Editorial: The largest methane leak in U.S. history began one year ago at Aliso Canyon. What have we learned since then?

Aliso Canyon
Crews work on a relief well at the Aliso Canyon facility above the Porter Ranch area of Los Angeles in December of 2015.
(Dean Musgrove/Associated Press)

One year ago, state oil and gas officials received a report of a small, routine methane leak at the Aliso Canyon underground natural gas storage field in the hills north of Porter Ranch. But as it turned out, the leak was neither small nor routine.

Over the next four months, the busted storage well caused the largest leak of methane  — a potent greenhouse gas — in U.S. history. It released about 90,000 metric tons, equivalent to more than a million cars driven for a year. Gov. Jerry Brown declared a state of emergency, while the Southern California Gas Co. scrambled to stop the flow. More than 8,000 families temporarily relocated because of the sickening smell of the gas. Even today — months after the leak was plugged on Feb. 17 — some Porter Ranch residents say they still suffer from nausea, nosebleeds and rashes.

The leak was a wake-up call. Too few people had recognized the tremendous risks of Aliso Canyon — that an aging facility operating under grossly outdated and inadequate standards could wreak havoc on public health and the environment. About 80% of the facility’s wells were built before the 1970s, and Southern California Gas knew they were corroding and failing at an increasing rate. But there were no rules mandating frequent inspections or upgrades. What’s more, government officials didn’t seem sufficiently concerned that the state’s energy supply had become so heavily dependent on Aliso Canyon. 

The Aliso Canyon crisis kick-started investments and planning that should make Southern California less dependent on natural gas in the years ahead.

In response to the leak, the facility was temporarily closed and the Legislature passed a law requiring new safety procedures for the state’s 14 underground gas storage facilities that may be the strictest in the nation. The Division of Oil, Gas and Geothermal Resources is expected to adopt the regulations next year.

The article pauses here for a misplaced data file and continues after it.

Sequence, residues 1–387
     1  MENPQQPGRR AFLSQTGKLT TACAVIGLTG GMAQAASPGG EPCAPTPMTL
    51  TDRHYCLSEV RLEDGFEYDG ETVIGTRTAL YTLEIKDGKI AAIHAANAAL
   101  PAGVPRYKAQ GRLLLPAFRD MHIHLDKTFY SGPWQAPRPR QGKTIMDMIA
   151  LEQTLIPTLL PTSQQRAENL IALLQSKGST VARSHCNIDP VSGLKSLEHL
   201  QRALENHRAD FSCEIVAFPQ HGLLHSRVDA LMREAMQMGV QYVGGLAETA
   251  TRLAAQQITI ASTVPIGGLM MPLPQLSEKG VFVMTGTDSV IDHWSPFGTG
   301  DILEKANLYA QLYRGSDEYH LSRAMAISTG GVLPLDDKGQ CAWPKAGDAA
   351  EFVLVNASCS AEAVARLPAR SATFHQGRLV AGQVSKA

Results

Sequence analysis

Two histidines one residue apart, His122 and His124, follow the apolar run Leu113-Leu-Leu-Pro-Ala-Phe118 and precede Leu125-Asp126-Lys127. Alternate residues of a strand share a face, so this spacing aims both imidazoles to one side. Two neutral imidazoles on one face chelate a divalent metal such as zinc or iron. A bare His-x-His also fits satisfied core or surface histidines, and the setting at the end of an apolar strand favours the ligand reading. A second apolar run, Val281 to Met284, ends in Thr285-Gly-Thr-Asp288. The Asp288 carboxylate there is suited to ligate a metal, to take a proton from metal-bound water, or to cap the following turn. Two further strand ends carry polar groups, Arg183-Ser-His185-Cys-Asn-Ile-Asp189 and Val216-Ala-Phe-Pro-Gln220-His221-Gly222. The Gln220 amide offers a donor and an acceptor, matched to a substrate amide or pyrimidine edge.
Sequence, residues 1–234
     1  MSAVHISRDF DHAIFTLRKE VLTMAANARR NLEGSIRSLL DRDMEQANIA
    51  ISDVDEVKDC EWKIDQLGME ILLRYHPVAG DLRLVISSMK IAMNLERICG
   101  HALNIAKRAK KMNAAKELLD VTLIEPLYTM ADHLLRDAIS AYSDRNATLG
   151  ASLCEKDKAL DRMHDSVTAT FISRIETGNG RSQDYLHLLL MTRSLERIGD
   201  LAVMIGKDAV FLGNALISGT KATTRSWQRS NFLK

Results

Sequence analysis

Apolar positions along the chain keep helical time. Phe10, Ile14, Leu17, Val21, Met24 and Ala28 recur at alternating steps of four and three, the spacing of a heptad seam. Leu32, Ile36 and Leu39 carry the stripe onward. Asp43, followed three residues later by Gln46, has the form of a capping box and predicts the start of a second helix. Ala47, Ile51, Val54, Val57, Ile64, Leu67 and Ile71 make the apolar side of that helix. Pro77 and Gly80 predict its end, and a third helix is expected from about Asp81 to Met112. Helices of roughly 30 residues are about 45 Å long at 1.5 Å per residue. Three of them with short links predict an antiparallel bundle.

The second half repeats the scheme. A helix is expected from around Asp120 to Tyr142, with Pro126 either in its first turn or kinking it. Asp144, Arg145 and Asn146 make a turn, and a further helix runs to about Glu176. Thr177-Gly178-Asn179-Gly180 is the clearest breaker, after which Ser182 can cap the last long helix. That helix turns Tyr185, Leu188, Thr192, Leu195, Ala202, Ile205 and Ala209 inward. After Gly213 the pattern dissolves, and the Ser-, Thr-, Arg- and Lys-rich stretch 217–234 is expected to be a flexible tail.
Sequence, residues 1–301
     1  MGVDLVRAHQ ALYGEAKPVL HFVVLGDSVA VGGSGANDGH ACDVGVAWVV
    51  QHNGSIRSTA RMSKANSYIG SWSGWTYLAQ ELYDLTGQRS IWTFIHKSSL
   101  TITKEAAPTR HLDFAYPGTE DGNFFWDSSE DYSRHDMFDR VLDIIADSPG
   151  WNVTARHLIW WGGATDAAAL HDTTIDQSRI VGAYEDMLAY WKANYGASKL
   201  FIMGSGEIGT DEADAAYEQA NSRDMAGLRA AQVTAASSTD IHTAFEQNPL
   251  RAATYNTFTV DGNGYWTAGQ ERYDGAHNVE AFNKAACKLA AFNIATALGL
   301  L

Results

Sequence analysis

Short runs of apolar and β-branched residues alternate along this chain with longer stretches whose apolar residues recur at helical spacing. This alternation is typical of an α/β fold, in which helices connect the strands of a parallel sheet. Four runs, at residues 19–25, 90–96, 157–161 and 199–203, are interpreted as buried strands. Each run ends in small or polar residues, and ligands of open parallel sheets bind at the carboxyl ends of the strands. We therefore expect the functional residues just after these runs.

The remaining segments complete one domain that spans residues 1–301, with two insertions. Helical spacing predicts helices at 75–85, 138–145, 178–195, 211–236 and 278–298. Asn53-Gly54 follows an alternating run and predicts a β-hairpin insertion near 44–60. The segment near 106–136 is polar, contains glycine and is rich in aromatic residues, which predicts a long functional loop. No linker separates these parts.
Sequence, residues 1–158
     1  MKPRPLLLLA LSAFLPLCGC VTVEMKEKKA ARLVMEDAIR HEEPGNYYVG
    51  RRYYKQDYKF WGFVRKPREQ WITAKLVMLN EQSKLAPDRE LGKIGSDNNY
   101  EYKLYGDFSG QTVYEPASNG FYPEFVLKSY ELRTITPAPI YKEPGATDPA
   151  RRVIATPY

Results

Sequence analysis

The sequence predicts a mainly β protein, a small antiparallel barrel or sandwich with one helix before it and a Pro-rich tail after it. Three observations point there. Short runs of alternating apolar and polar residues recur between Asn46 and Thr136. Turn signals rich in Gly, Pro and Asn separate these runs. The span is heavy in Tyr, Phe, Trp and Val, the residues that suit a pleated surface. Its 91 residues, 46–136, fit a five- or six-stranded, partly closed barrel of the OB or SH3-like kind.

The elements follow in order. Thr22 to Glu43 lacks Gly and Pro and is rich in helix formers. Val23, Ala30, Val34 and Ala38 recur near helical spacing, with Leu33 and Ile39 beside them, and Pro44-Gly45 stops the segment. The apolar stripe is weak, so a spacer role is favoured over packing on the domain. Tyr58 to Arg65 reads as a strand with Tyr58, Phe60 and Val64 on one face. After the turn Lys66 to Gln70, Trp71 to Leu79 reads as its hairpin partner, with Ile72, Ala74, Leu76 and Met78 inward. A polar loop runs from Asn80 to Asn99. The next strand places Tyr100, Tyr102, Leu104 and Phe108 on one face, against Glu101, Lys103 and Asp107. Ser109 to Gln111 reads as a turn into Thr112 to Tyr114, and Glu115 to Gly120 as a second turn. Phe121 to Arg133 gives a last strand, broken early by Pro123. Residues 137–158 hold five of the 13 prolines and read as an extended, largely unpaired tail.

The closure of the San Onofre nuclear power plant, the decline in coal and other factors have resulted in a significant increase in electricity generated from natural gas — and greater reliance on Aliso Canyon, the largest storage facility in the state. State officials warned in April that the temporary closure of Aliso Canyon could cause up to 14 days of rolling blackouts during the summer because the power plants that fire up to meet high electricity demand wouldn’t be able to get the gas they needed. 

That didn’t happen. Utility officials say the region got lucky with a mild summer and lower-than-normal electricity demand, but they warn that the risk remains as long as Aliso Canyon is closed. 

The good news is that the Aliso Canyon crisis kick-started investments and planning that should make Southern California less dependent on natural gas in the years ahead. Local utilities have spent tens of millions of dollars in recent months on energy-efficiency programs to help cut demand for electricity and gas. Pushed by the California Public Utilities Commission, both Southern California Edison and San Diego Gas & Electric signed contracts for energy storage projects that could be ready for the winter. The challenge of solar, wind and other renewable energy sources is they can only supply electricity when the sun is shining or the wind is blowing. But the development of large-scale batteries that could hold that green power would reduce the need for some natural gas power plants.


Aliso Canyon also helped push the Los Angeles City Council and Mayor Eric Garcetti to direct the Department of Water and Power to study what it would take to end the utility’s reliance on fossil fuels and to get 100% of L.A.’s electricity from clean energy. That’s significantly more ambitious than California’s already aggressive mandate of 50% renewable energy by 2030. DWP officials say it could take 25 years to rebuild the region’s electricity system. It’s absolutely essential to begin this difficult work.

Southern California Gas says it has completed safety reviews at most of its wells, and the company is expected soon to seek permission to reopen the storage facility. There will surely be an important debate over whether Aliso Canyon is safe enough or truly vital to the region’s immediate electricity needs. But in the long term, it’s clear that the costs of fossil fuels — on public health, the environment, the climate — are too great and that we should end our reliance on them as soon as possible.

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